Posted by: danielrashke | June 7, 2018

The Fine Arts of Finance

18-TASC-0008-CEO-Blog-Content-Marketing_MFA_736x229_v1The conventional wisdom in the business world is that the best way to hire someone who will help you succeed and grow is to look for an MBA.

After all, MBAs have “a head for business” and the skill set necessary to jump in and start contributing.

But now a lot of business owners and CEOs are questioning that logic. I’m one of them. It’s not that MBAs aren’t valuable. The point is that with the world changing so quickly, innovation and creativity are essential in every aspect of a business, from product development to finance. So along with recruiting qualified MBAs, it’s time for businesses to look for a different kind of candidate.

Recently, at an event hosted by University of Wisconsin-Madison Chancellor Rebecca Blank, I met a gentleman who told me he believed the MFA (Master of Fine Arts) was the new MBA. He pointed out that in theater, for example, you learned how to direct people, how to play a specific role, and how to collaborate both creatively and on practical aspects like building sets and setting lights. The more I thought about his argument, the more I saw that the skills necessary to put on a show weren’t all that different from those necessary for business success and innovation.

In fact, I realized that my own company had benefited from an employee’s arts background. Our Chief Operations Officer, Michael Herman, got his undergraduate degree in theater. One day Michael and I were discussing my plan to create change within TASC and he pointed out that when you want to bring about significant change in a company, you need to create a “saga”—a story that explains why the change is necessary and beneficial—or else you risk creating a disruptive “drama” in your workforce. This was a perspective that came directly out of his theater background, and it made perfect sense to me.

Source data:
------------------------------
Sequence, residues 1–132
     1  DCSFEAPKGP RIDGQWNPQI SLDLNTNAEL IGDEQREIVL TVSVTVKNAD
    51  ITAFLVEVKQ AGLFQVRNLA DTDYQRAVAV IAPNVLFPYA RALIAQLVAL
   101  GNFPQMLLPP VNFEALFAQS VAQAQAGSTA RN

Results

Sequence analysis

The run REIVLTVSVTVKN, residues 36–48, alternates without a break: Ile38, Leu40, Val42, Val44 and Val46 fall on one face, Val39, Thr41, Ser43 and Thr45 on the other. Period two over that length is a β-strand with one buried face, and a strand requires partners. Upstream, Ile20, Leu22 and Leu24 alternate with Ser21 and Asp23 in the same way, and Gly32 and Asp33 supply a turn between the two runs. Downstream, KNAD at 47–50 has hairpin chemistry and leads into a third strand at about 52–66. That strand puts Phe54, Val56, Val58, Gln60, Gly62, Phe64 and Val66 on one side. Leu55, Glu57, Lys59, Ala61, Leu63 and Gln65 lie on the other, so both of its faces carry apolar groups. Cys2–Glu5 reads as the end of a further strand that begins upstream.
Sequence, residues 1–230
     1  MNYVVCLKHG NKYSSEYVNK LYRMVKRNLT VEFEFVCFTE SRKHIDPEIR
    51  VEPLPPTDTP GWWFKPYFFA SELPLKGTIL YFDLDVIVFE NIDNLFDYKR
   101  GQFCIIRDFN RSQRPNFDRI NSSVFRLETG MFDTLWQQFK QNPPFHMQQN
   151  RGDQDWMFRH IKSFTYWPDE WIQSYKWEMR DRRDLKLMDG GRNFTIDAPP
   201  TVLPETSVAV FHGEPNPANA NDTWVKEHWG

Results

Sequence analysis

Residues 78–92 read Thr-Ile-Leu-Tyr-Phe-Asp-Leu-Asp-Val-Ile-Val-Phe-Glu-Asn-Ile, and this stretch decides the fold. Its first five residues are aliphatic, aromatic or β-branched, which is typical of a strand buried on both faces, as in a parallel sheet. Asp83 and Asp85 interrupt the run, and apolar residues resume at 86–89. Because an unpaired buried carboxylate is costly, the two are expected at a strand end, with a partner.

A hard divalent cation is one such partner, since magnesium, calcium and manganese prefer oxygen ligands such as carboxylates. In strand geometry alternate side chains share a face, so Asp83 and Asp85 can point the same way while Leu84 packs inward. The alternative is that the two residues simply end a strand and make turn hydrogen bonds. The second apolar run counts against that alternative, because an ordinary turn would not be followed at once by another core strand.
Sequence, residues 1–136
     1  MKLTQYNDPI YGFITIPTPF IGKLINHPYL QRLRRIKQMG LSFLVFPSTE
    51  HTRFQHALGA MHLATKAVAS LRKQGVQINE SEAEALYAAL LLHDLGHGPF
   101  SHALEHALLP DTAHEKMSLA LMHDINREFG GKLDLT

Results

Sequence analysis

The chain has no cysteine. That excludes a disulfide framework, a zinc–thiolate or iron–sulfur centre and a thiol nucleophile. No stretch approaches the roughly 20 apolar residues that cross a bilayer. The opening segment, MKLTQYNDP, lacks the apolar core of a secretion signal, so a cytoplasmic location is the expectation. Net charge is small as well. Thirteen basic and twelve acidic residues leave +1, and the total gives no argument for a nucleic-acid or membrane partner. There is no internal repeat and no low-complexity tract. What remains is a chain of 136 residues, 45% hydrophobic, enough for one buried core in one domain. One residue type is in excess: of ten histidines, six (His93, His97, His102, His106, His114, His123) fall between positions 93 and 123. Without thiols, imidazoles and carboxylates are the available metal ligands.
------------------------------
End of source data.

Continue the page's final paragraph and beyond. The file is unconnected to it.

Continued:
We tend to think that finance and fine art are completely different things. But as I realized when I wrote both terms on the smartboard in our office, they share most of the same letters. I consider that a pretty accurate metaphor for how much they overlap in the real world.

The idea that “the MFA is the new MBA” first started appearing about ten years ago, and it has gained steam among business thought leaders ever since. Harvard Business Review pointed out that MFA grads have important “soft” business skills such an ability to accept criticism, an interest in studying motivations of people, and an understanding of the importance of engaging the audience. Inc. magazine’s online “Brandview” points out that “reason alone—the MBA toolset—can diagnose the issue, but not discover new ways to solve it, to radically recreate a company’s business model for real innovation.” That takes creativity.

I’m not arguing that the answer to innovation in business is to hire only MFAs. It’s just as important to have MBAs who think like MFAs. This spring we hired a new Chief Financial Officer, Scott Lane. Scott has an incredible business resume and a traditional business education, with a BBA and an MBA. He’s a first-class financial guy. But he’s also a very creative thinker. Instead of accepting “business as usual,” Scott put together his own approach to creating and fostering business partnership. He has brought us a perspective you wouldn’t necessarily expect from your typical CFO. Even if you’re not lucky enough to have a “Scott,” you can still foster creativity by implementing tools like design thinking, where you start by asking what customers [internal or external] need and then work backwards toward a product or solution (versus asking, “What can we sell?”).

As I recently noted during a speaking engagement, TASC is a 40-year-old company. As companies go that’s old. And we don’t want to be old. So it’s essential for us to create a culture that thinks creatively about what we can do next. I believe bringing MFAs and MFA thinking to Finance and the rest of business is key to keeping our businesses alive and vital, especially through periods of intense change.


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